1. Conclusion

The study employed a constructivist theory to discuss that ecotheology, practical theology, and AIKS share common themes and values that bind them together. It explored the sacredness of nature, the call for responsible stewardship, human/community participation and a commitment to justice resonate across these disciplines. Some religious traditions and their efforts in the conservation of the natural habitat were discussed. For example, indigenous traditions often view the environment as inherently spiritual, paralleling ecotheological viewpoints that emphasize the divinity inherent in all of creation. Similarly, the practical implementation of religious principles advocated by practical theology aligns with indigenous perspectives on ethical living and respectful relationships with the land. At the interface of these disciplines, sacred spaces and rituals take on deeper meanings. It was shown that ecotheology inspires the recognition of the natural world as a sacred space, inviting reflection, prayer, and connection with the divine. Practical theology enhances this notion by urging the embodiment of faith through rituals that not only honour spiritual beliefs but also promote ethical behaviour and ecological responsibility. AIKS infuse these practices with culturally rooted rituals that celebrate the interdependence of humans, nature, and the sacred. The interface also fosters a robust framework for environmental ethics and responsibility. Ecotheology emphasizes the moral imperative of caring for the earth, recognizing humanity’s role as stewards. AIKS, deeply grounded in sustainable practices and an inherent respect for the land, offer valuable insights that enrich ethical discussions and provide guidance for harmonious coexistence. Central to this interface is the concept of interconnectedness. Ecotheology highlights the intricate web of life, acknowledging the interconnected relationships that shape the Earth’s ecosystems. AIKS embody this interconnected worldview, where humans are regarded as integral parts of a larger cosmic tapestry. Practical theology bridges these perspectives, encouraging a holistic understanding of humanity’s place within the environment and affirming the importance of nurturing the well-being of all creation. The interface between ecotheology, practical theology, and AIKS is a transformative junction where faith, action, and cultural heritage converge. This intersection invites us to re-evaluate our relationships with the earth, our fellow beings, and the divine. By integrating these perspectives, we cultivate a holistic understanding that inspires ethical choices, sustainable practices, and a profound sense of interconnectedness.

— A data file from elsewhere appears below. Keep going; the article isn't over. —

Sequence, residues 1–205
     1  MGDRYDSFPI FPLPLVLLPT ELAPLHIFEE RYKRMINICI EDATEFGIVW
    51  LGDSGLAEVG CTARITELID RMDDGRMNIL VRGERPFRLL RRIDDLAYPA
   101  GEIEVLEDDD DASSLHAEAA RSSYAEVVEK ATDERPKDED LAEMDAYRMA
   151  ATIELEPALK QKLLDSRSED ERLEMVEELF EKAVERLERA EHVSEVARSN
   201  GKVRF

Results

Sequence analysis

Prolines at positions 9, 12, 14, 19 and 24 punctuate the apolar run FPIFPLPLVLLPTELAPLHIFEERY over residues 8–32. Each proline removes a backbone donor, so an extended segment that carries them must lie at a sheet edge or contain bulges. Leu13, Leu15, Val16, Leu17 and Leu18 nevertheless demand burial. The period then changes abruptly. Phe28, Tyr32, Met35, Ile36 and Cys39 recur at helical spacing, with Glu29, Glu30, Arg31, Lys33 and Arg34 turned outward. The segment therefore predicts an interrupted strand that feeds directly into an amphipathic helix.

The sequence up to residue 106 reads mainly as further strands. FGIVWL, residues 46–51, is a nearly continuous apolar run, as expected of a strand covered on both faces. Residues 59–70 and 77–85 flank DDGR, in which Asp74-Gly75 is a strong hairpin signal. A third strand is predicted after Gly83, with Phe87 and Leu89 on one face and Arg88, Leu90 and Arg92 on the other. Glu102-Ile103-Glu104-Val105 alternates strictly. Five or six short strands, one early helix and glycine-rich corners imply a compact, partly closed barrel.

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1 Representative examples of previous studies on ecotheology and dangers affecting it include the following: Kanu & Ndubis (2021), Mpofu (2021), Conradie (2020), Gunarathne (2019), Swanepoel (2018), Van Dyk (2017), Kaoma (2017/2013), Williams & Whiting (2016), Dreyer (2014), Ngara & Mangizvo (2013), Troster (2013), and Greenway (2000).

2 AIKS is discussed separately here because of its significance to this study.